By Tim Smith
It’s been a while, I know. Truth is, I haven’t owned a car for over a year. In that time I’ve been renting, mostly. It’s been nice having a near brand new car every so often and it’s given me a taste of where the current affordable market is. Truth is, it’s largely where I left it, but that’s another story for another time.
So, after living in the war economy, student life, money pit, I’ve finally got myself into a position where I can save a bit of money here and there for the initial outlay needed to get me on the ol’ car market ladder. So what have I chosen to save up for?
A Rover 75.
A Rover 75. That’s the 37th best British Car as voted for by Autocar readers.
My first car was bought on a whim, with money that wasn’t really mine. So, this time, I’ve decided to do it properly. And doing something properly always involves lists and the ticking of boxes:
1. It must be in ‘Connessuir’, sorry, ‘Connesir’, wait, Ive got this… ‘Conn’… Eff it. Top spec trim. Not ‘Club’ trim. I’ve decided that the 75 will be my gentleman’s express and having blanked switches on the dash is a little uncouth.
2. It must be the pre-facelifted version. The later versions suffered from quality problems. And they were ugly. You can thank the Phoenix Consortium for that.
3. It must have the ‘Serpent’ wheels. These rather pretty looking things were used in all of the original press pictures when the 75 was first released, but didn’t appear to be actually offered for sale. Later they did. I have no idea of the process behind this. Either way, they do exist, and they do look good. Although not as good as those in the press pictures. Those buggers.
I’ll take it.
4. It must have the projector headlamps. They look cooler. I know it, you know it, even that bloke down the pub who knows nothing about anything knows it.
5. It must come in a dark colour. Preferably blue, but green is acceptable.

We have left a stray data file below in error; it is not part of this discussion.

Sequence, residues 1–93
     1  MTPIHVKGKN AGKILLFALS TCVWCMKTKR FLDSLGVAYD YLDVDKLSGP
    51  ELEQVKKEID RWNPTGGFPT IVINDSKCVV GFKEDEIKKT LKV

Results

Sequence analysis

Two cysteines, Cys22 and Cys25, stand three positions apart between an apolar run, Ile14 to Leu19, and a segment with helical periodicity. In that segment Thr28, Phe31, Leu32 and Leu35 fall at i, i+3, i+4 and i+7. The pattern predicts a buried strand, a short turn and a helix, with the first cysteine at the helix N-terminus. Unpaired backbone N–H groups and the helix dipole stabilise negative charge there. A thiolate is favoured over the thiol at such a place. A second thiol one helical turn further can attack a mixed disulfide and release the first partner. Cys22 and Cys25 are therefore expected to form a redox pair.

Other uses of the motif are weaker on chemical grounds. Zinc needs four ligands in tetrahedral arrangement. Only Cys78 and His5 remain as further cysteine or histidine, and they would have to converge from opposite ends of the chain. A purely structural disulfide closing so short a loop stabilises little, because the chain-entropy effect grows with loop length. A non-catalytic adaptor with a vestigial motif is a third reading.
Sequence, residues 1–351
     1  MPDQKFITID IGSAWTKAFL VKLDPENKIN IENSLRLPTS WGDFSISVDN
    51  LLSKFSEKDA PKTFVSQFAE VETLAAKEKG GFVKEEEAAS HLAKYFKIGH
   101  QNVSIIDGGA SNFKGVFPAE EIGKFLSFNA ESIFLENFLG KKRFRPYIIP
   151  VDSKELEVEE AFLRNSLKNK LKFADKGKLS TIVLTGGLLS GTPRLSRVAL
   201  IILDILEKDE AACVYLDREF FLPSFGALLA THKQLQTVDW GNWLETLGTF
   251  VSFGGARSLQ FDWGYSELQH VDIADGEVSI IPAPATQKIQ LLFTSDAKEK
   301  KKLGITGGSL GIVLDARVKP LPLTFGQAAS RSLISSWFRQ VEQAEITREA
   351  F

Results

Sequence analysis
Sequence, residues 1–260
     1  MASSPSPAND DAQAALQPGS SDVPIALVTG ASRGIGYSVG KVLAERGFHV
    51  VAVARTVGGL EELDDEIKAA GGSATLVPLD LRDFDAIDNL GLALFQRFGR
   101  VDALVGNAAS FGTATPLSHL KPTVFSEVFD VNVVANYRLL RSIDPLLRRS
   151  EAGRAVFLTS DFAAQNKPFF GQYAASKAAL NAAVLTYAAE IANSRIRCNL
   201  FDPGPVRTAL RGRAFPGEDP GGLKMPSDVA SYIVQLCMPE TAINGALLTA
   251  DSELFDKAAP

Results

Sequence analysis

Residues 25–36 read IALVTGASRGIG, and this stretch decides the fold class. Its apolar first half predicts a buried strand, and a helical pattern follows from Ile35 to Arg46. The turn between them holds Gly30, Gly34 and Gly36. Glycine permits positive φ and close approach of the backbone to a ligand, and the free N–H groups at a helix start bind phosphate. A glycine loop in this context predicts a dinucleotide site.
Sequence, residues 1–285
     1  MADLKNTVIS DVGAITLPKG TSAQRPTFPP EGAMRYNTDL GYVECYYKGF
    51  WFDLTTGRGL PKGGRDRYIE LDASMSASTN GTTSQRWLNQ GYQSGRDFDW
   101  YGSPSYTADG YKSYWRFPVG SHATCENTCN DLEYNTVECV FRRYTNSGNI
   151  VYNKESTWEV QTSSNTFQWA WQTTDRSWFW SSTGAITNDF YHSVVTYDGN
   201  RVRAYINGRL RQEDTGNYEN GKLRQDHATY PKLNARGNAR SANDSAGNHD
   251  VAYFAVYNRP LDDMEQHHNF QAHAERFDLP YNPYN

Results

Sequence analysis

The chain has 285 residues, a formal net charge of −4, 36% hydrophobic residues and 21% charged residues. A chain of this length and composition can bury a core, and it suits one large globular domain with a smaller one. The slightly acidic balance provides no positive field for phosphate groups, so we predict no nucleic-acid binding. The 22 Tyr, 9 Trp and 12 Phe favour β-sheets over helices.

6. Here’s where things get tricky. I would prefer the two-and-a-half litre petrol V6, possibly with a bit of tuning taking it up to ZT190 levels, but realistically the diesel would be best. A four cylinder diesel doesn’t quite fit into the smooth image of the curvy 75, but I plan to use it for drive stories, and petrol is just a little too expensive verses consumption.
7. This leads me into another tricky issue. Like most people who enjoy driving, I prefer a manual, but having driven several different engines with several different types of transmission I discovered something interesting. Diesel’s prefer auto’s.
With a petrol, an auto blunts the character, the responsiveness of the driving experience. Diesels don’t start from a responsive place, but do need that cream of auto feeling to make things a little more civilised. Here’s a statement for you; I actually preferred an A4 2.0 TDI with a CVT to the manual. Yes I did.
As it stands, I’m half way to my car fund target. It should take another 8 weeks or so to make the rest up. Your choice of deity only knows how long it will take to find the exact model I want. Couple this with research into the issues and availability of what I want, and I may be lead to change my mind on some of the details.
One thing is for sure though. I’m gonna keep you updated every Monday at the usual Tim Smith posting time of 6:00pm, GMT.